visit our website at http://www.cna-acj.ca or email: info@cna-acj.ca

MORE… History

Canada’s Privacy Commissioner George Radwanski was hounded from office amid a firestorm of allegations about expense account abuses.

Press hacks and politicians continue to nip at his heels accusing him of misleading parliament and “intimidating” his staff. One Member of Paliament suggested he deserved jail time or even execution.

Why such ferocity?

George Radwanski had been a valiant and eloquent opponent of the Canadian government’s new initiatives for repressive public surveillance. His courageous leadership is the reason he has been tarred and feathered. The real scoundrels are the Canadian politicians and press who have abjectly betrayed the public trust.

In January 2003, Radwanski warned Canadians that the government “regrettably has lost its moral compass.” Although Canada hasn’t had a terrorist attack, planned initiatives will result in the loss “not only of privacy rights that we take for granted but also of … freedom as we now know it.”

He warned “September 11 is being invoked as a kind of magic incantation to stifle debate, disparage critical analysis and persuade us that we suddenly live in a new world where the old rules cannot apply.”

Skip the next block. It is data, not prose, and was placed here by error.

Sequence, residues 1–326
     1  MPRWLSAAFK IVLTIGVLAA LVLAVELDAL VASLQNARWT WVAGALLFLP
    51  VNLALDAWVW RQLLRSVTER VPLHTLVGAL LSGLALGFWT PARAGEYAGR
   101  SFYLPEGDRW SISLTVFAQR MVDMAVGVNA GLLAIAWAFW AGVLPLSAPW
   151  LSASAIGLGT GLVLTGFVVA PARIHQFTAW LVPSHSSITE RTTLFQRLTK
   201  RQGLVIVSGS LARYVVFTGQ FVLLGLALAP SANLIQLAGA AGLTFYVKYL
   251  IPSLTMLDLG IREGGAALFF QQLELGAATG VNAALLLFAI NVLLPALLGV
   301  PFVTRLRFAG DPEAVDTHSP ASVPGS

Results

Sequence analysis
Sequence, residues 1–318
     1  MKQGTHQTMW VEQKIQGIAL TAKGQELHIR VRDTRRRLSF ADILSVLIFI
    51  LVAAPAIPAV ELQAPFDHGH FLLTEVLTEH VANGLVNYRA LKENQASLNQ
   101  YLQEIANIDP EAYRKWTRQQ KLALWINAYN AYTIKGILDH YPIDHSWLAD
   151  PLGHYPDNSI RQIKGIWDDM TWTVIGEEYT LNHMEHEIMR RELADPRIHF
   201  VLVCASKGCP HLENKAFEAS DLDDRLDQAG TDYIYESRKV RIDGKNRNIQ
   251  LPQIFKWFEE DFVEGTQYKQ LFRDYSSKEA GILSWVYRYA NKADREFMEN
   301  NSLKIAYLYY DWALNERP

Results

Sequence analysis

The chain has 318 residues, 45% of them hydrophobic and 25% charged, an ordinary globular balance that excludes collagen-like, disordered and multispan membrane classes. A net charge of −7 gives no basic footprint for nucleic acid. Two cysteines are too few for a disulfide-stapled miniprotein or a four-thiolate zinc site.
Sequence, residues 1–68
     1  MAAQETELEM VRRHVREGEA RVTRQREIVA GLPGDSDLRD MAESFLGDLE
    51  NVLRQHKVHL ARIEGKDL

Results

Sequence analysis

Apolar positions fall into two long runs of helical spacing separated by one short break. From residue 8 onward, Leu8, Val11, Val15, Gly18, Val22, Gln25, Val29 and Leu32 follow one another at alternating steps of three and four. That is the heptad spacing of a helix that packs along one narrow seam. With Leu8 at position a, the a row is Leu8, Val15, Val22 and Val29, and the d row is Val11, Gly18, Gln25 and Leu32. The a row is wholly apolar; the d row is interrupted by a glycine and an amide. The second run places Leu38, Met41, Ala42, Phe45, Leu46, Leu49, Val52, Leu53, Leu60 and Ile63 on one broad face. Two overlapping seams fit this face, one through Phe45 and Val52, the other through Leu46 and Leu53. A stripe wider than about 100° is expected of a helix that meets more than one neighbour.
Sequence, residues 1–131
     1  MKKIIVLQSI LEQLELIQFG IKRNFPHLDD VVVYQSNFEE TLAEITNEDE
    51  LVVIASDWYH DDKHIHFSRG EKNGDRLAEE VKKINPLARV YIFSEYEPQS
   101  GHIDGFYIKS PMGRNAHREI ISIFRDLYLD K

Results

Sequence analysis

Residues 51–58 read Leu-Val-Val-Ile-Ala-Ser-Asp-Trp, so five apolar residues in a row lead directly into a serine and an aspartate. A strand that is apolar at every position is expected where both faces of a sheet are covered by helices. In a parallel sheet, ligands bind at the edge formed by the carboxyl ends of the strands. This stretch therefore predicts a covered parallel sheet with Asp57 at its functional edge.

“The Government is doing all this in blatant, open and repeated disregard of the concerns that it is my duty to express…” Radwanski said.  He revealed that American pressure was to blame, and urged Canadians to assert their sovereignty.

”  The right of privacy is at the core of the basic freedoms of our society. Freedom of speech, of thought, of association, to name just a few, are grounded in the idea that we have a private sphere of thought and action that is our business and nobody else’s — not our neighbours’, not our employers’, not some telemarketer’s, and certainly not the state’s. In Canada today that fundamental human right is under unprecedented assault.”